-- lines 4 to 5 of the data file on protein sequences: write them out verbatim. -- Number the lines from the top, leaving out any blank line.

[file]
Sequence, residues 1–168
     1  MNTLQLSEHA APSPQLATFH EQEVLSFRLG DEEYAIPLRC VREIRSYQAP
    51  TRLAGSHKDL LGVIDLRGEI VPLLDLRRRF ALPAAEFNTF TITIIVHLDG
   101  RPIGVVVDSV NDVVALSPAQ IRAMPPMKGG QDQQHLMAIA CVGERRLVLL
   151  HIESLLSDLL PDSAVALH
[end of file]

   101  RPIGVVVDSV NDVVALSPAQ IRAMPPMKGG QDQQHLMAIA CVGERRLVLL
   151  HIESLLSDLL PDSAVALH